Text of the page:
15 Mar Report: New Brand Resale Index Recognizes REI, Arc’Teryx And On As Top Brands
Trove released its inaugural Brand Resale Index: Defining the Resale Experience. The Index evaluates leading practice adoptions across 40 brands in four industry verticals: fashion/apparel, outdoor, footwear, and luxury.
Conducted in partnership with OSF Digital, brands were assessed on 147 criteria across brand positioning, commerce and trade-in experiences, with a general consideration of how the resale business model potentially contributes to environmental sustainability benefits.
The Index found that to brands, re-commerce is what e-commerce was two decades ago—a retail model that satisfies the increasing consumer expectation for greater value, experience and sustainability, and a significant opportunity for brands and retailers to exhibit leading commerce practices to elevate and engage new channels of growth.
Trove said this opportunity is why global resale is a $100 billion business growing five times the retail rate and is expected to represent 23 percent of all retail in 2030.
“We are currently at a major inflection point for branded resale, where early development is meeting commerce evolution,” said Andy Ruben, founder and executive chairman of Trove. “We created the Brand Resale Index to evaluate what brands are doing now, where the opportunities lie for the future, and what industries are positioned to lean into the next big transformation. Brands who scale their owned resale programs now will be building a profitable business without relying solely on new item production, ultimately helping to build the protective moat around their businesses by extending the life cycle of their products.”
Out of 40-plus brands across industries, several companies emerged in the Resale Brand Leaderboard by industry vertical:
Overall: REI; 72 percent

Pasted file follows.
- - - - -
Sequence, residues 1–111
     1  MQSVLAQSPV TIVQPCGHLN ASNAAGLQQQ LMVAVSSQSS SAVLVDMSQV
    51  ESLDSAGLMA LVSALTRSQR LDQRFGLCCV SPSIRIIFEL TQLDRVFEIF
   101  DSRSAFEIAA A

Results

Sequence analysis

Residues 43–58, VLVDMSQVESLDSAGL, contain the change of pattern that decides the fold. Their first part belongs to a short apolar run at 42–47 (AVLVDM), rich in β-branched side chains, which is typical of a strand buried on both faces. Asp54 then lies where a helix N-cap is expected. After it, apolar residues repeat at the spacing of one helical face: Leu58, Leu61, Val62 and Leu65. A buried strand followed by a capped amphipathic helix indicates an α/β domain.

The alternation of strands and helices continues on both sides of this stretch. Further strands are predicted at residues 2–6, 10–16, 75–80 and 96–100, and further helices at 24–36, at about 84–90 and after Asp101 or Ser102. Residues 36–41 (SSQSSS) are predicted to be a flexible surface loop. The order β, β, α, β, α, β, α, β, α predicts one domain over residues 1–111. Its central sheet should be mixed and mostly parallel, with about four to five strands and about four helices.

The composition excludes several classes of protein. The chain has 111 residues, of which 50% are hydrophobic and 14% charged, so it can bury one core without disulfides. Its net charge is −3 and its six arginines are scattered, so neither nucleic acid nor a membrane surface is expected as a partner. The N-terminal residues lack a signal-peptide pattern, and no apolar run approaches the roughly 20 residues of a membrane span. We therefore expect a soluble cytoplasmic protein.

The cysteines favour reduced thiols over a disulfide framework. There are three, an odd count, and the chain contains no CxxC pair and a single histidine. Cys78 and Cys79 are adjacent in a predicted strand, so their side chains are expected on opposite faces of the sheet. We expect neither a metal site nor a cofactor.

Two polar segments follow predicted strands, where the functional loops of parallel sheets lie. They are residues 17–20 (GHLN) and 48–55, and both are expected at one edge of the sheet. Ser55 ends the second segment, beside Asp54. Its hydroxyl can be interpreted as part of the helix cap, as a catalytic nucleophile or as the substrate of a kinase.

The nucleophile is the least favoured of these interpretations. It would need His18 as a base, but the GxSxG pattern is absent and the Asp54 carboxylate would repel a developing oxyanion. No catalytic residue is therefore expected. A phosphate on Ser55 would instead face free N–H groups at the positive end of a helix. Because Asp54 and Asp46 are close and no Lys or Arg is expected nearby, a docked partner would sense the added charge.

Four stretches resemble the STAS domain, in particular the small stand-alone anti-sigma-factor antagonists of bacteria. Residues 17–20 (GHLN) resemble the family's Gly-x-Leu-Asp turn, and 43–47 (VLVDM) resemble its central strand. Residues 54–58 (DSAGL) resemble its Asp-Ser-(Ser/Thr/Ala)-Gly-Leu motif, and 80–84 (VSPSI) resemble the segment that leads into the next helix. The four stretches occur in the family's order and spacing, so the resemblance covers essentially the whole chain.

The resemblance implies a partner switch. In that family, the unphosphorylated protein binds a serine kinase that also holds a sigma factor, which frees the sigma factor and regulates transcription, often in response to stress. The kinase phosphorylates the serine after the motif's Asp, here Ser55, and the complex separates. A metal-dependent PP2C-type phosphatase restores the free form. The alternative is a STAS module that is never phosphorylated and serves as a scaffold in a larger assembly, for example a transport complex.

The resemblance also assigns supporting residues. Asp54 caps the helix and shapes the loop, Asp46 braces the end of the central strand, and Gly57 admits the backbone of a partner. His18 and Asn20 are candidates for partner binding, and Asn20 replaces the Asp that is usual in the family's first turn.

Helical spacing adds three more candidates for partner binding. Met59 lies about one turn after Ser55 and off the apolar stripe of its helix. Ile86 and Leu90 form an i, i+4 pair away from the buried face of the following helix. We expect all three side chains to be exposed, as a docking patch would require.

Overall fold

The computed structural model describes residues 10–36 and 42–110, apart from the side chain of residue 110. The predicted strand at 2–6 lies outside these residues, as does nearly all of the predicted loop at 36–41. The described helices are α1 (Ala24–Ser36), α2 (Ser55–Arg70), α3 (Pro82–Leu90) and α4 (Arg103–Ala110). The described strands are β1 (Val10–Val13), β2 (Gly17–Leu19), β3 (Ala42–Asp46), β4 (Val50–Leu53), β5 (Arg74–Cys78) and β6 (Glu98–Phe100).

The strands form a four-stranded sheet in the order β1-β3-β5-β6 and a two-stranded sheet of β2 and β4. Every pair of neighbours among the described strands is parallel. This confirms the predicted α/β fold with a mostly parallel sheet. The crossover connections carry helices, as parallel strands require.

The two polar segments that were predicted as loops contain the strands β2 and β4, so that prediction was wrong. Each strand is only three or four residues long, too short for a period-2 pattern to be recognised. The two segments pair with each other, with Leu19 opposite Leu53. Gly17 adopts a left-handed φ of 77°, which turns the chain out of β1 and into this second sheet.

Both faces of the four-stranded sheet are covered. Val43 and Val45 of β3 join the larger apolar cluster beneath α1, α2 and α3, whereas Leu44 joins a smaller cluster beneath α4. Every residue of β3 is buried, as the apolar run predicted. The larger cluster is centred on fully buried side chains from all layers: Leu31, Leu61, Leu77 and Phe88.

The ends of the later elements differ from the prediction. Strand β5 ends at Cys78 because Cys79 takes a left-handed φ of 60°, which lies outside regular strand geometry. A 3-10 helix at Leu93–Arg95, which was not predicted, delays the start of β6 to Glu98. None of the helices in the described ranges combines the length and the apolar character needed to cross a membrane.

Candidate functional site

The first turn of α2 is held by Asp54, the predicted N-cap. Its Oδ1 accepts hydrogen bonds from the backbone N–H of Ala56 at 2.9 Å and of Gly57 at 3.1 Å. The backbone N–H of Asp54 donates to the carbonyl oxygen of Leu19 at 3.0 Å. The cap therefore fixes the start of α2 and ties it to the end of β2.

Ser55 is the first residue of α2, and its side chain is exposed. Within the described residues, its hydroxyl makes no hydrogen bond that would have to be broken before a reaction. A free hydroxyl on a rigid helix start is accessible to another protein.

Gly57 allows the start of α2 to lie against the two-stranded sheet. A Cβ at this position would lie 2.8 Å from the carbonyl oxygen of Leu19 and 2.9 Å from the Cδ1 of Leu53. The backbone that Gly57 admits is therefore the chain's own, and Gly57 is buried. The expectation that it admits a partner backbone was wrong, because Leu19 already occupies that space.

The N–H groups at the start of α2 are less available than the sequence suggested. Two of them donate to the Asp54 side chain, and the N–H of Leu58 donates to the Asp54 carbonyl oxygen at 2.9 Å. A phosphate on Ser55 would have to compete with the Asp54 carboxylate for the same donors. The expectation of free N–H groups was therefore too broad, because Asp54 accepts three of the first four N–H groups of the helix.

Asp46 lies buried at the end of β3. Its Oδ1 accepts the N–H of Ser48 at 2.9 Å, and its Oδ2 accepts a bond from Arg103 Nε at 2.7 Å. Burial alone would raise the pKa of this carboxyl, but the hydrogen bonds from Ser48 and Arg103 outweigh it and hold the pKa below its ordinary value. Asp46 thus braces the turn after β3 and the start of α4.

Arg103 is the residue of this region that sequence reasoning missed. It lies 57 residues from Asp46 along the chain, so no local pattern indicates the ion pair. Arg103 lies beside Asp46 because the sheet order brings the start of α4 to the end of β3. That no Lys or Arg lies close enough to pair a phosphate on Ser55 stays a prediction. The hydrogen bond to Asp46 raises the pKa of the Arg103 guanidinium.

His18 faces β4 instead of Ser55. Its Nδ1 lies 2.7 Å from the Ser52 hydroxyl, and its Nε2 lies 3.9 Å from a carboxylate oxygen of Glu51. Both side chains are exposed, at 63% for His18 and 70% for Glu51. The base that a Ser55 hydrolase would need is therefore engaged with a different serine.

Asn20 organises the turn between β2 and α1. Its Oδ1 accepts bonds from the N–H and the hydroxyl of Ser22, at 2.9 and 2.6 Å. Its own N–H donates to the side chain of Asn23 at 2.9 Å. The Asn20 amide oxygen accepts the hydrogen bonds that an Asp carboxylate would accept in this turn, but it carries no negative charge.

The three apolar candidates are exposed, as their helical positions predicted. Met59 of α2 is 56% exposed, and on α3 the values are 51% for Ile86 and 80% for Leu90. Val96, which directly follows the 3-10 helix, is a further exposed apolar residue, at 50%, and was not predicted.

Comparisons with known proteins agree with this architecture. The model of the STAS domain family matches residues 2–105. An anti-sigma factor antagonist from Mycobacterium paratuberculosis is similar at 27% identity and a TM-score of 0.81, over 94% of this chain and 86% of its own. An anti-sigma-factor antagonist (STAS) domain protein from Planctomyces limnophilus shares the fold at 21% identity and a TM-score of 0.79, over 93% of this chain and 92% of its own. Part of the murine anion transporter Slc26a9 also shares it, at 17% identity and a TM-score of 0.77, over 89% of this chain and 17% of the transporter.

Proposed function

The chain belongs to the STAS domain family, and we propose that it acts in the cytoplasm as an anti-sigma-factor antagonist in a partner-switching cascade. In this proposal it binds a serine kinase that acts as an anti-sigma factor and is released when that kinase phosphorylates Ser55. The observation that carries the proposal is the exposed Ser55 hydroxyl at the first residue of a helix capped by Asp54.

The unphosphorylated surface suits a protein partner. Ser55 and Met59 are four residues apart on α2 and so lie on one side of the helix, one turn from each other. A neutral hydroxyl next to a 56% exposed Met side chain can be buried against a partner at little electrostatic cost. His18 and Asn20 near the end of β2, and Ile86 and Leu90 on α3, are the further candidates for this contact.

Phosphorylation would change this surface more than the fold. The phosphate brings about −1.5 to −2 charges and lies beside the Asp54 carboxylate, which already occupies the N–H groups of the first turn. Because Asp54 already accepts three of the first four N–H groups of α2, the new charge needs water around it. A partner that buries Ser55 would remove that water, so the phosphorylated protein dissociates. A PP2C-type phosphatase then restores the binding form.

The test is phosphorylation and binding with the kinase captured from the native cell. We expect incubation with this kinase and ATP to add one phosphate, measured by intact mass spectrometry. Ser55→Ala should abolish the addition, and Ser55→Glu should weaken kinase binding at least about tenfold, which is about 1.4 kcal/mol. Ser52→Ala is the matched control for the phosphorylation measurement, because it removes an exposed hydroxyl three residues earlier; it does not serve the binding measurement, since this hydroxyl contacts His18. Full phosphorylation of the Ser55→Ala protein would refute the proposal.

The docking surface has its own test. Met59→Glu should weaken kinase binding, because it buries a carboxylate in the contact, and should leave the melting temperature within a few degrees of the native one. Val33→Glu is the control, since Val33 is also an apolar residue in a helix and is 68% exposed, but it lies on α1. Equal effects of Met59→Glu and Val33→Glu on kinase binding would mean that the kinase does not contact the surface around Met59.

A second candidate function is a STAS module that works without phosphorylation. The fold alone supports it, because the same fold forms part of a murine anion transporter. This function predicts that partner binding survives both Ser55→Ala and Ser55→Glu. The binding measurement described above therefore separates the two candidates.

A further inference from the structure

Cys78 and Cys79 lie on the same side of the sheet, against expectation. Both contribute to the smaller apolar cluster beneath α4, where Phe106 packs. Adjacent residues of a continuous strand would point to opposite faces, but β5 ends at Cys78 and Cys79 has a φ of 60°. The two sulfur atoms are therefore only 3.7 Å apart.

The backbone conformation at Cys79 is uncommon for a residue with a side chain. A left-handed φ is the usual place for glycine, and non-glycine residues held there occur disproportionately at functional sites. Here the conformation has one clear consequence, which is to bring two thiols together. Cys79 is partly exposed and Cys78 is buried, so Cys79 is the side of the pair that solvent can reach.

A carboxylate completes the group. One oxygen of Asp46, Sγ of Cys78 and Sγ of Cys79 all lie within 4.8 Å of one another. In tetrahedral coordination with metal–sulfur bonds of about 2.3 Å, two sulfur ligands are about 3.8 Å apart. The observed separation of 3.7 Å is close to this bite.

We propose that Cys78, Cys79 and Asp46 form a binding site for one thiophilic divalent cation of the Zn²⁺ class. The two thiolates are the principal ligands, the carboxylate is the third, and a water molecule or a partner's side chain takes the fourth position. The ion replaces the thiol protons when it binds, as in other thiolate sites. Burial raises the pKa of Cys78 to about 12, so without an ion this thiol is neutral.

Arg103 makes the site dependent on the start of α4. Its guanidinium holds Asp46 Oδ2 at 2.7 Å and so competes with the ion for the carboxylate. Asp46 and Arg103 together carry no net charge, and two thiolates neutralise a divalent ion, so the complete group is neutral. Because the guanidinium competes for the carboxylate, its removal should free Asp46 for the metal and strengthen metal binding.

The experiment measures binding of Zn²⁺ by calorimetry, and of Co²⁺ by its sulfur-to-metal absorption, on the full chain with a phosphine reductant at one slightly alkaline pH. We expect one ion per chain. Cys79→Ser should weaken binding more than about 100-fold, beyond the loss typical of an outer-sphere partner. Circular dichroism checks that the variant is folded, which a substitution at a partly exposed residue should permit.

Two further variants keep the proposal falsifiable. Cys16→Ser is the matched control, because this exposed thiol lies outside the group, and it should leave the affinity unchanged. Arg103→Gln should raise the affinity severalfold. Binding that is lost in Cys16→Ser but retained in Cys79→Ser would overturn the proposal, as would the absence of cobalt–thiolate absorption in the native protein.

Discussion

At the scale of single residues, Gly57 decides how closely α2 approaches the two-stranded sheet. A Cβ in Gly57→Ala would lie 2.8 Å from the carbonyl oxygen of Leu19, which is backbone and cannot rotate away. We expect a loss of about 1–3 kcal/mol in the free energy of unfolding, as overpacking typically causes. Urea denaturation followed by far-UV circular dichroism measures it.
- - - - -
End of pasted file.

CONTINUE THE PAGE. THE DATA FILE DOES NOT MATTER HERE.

Outdoor: Arc’teryx; 68 percent
Fashion/Apparel: Amour Vert; 66 percent
Footwear: On; 59 percent
Luxury: Phillip Lim; 53 percent
Trove found that Luxury brands had a “wide open landscape of opportunities” as luxury goods are the backbone of luxury brands, yet secondary markets are attempting to tell their product stories. In contrast, Outdoor brands emerged as the most mature in the Index, whereas Fashion/Apparel and Footwear have grown the most over the past year.
The report noted that when brands have a narrative in resale, everyone wins. And that branding a resale program is a potent tool for creating a cohesive story that wins over consumers and optimizes the resale platform.
According to the Index, Patagonia leads in brand positioning at resale, adopting 78 percent of marketing and brand positioning practices; 50 percent of brands include resale programs on their websites, but only 34 percent have content about their resale program on their homepage; and only 35 percent of brands promote their resale program through social media.
The report noted that how brands present secondhand items to consumers and integrate the experience with existing commerce channels determines friction within the purchasing journey. It found that
- Coach tops the commerce category, implementing 76 percent of commerce-leading practices.
- Only 25 percent of brands allow customers to combine purchases of new and pre-owned in the same cart.
- Forty-nine percent of brands allow shoppers to filter by product condition (new versus used) on a category home page, despite the product pages including the item’s condition.
- For luxury and higher-priced items, 57 percent of companies include brand and product authentication of trade-in or consignment products.
The Index noted that brands that offer seamless trade-in experiences “help unlock the $2.1 trillion of idle branded items in customers’ closets while building brand loyalty.”
- The Frye Company’s “The Frye Exchange” led the Customer Experience: Trade-in/Selling (Digital) category, adopting 85 percent of leading practices.
- Lululemon’s “Like New” program lead in Brand Trade-in/Selling (Stores) for its trade-in program on brick-and-mortar store interactions, a capability adopted by 44 percent of the brands benchmarked.
- Eighty-five percent of brands offer trade-in by mail, enabling customers to trade in their products regardless of location.
- Ninety-three percent of brands offer gift cards for trade-in or sales compensation.
While all 40 brands in the Index touted sustainability as a customer benefit, not all resale programs offer good sustainability programs.
- The most straightforward way to know if a brand resale program is circular is if the program can shift from new product revenue (revenue from selling new items) to existing product revenue (revenue from selling or servicing existing items over a longer product life).
- Brand resale programs based primarily on new product purchase incentives are risky for brands who are seeking sustainable claims.
To read the full report, go here.